Microsoft Advertising’s Dynamic Search Ads Fail to Deliver on Claim of Reaching Relevant Searches

Yesterday, we wrote about Microsoft poorly auto-generating ad copy for customers of their search advertising system. While it appears they haven’t done basic testing, as many of the ads generated for us are incoherent, among other issues, they have started auto-apply these ads. That is part of a larger initiative by Microsoft to automate the advertising process, where even what seems like it should be a lot easier to handle than generating ad copy, isn’t even close to being where it should be before being widely available.

Another piece of that involves dynamic search ads. Microsoft describes those with the following:

Dynamic search ads provide a streamlined, low-touch way to make sure customers searching on the Microsoft Search Network find your products or services.

In marketing these, Microsoft also claims they allow you to “[a]utomatically target relevant search queries based on the content of your website” and that they “can help you find customers searching for precisely what you offer”. At least in our case, based on the ten “search queries that could trigger your ad” they show right now, that isn’t true at all.

Four of the queries shown are hosting related, despite us not being in the hosting business:

  • wordpress vimeo hosting sixt
  • web hosting wordpress plans
  • best wordpress hosting sites
  • wordpress hosting

With one of those, “wordpress vimeo hosting sixt”, we couldn’t find what that would refer to.

Another could probably be classified similarly:

  • wordpress com

Another is website builder related, despite us also not being in the website builder business:

  • best website builder

Three queries involve software that we provide services for, but someone searching for just the name is not “searching for precisely what you offer”:

  • wordpress
  • magento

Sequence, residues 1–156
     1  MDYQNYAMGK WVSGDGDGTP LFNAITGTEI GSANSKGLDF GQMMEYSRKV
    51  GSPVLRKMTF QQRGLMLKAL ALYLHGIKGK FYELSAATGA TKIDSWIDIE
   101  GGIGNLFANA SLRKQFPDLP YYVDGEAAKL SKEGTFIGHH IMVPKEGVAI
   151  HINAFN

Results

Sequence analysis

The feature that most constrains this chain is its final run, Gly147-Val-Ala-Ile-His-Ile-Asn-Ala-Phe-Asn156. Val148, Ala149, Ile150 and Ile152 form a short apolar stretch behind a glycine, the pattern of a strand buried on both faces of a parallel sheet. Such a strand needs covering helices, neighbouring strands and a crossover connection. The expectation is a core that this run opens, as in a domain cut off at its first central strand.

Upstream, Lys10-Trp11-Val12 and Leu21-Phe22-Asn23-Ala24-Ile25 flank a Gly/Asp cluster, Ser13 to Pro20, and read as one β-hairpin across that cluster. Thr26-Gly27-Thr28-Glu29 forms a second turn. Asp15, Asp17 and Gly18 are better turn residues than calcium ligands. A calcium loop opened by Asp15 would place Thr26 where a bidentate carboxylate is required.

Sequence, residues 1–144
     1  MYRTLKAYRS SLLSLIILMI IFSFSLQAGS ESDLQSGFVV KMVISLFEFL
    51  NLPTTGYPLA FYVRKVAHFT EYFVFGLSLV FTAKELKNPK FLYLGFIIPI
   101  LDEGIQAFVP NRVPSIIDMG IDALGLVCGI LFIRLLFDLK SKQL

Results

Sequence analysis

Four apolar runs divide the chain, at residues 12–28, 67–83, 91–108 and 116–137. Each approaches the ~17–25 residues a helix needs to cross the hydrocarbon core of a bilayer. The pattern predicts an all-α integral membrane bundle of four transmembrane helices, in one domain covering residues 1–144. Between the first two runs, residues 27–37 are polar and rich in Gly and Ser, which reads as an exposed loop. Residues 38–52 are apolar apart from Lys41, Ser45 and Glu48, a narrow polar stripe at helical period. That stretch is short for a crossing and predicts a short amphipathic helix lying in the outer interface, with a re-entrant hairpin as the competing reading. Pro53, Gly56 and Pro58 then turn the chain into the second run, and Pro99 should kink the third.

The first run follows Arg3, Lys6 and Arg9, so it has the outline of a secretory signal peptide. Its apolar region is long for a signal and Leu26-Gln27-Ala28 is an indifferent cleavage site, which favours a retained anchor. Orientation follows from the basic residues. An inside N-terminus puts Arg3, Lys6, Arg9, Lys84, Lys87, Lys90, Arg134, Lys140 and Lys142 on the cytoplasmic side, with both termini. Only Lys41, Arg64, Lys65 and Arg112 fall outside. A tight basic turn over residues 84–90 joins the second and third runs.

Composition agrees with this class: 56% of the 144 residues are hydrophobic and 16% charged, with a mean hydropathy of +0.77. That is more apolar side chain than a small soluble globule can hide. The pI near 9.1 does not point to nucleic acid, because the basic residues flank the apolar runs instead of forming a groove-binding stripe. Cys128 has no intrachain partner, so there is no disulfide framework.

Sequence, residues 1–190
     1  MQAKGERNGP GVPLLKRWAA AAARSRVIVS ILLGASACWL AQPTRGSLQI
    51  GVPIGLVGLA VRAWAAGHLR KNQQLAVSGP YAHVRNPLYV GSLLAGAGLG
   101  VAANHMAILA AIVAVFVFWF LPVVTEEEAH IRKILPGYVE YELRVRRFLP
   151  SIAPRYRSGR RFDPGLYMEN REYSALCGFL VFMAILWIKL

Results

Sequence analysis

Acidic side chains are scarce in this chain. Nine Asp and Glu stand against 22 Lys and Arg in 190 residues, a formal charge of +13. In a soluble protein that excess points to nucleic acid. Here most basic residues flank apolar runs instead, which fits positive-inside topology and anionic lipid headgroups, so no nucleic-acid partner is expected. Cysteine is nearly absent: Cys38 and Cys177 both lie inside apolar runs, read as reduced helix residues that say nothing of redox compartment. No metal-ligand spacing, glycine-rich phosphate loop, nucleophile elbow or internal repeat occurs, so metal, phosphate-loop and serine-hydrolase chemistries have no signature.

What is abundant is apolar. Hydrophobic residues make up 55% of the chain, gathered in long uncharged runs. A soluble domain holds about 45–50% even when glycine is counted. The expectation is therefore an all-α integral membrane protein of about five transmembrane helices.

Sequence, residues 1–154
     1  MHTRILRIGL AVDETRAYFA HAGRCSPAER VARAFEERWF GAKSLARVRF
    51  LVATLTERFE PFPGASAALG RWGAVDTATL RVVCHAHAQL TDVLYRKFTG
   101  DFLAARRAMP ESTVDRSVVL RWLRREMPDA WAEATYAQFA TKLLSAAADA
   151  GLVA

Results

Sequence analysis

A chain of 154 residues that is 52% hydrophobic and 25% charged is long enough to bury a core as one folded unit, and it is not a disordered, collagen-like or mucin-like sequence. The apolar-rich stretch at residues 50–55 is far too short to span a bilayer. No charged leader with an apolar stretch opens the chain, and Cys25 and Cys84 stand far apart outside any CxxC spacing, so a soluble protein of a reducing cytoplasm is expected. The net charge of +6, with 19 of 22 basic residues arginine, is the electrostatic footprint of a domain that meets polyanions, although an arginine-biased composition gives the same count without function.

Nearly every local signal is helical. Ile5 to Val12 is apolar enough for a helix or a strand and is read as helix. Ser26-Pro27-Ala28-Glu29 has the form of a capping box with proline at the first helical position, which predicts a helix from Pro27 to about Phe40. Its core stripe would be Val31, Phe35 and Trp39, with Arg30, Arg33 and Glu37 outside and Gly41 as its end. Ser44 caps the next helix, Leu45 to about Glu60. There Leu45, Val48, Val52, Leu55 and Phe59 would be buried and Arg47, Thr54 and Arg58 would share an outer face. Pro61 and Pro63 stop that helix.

• woocommerce

Since the services we offer involve things for people already using the software, it seems unlikely someone searching just on the name of it would be looking for that.

Finally, there is a query that doesn’t seem like it would be related to something for sale:

  • wordpress login

Overall, it looks like they have combined, for the most part, common searches that are very loosely related to what we offer. Having us advertise on those things seems like it makes sense for Microsoft, since they can make more money that way, but not for us, since it would target searches that have nothing to do with our business.

The saving grace with these two automated features is that they can be disabled, that isn’t true of other parts of the search advertising that overrule what advertisers want.

Microsoft Advertising Now Generating and Automatically Running Incoherent Ads for Customers

The quality of Microsoft’s search advertising system has gone down over time, as has Google’s, as they have taken more and more control away from advertisers. At best, they greatly overestimate the ability of their system to produce good results. At worst, they are intentionally doing things to increase their revenue, knowing that they are increasing costs for their customers while producing worse results for them.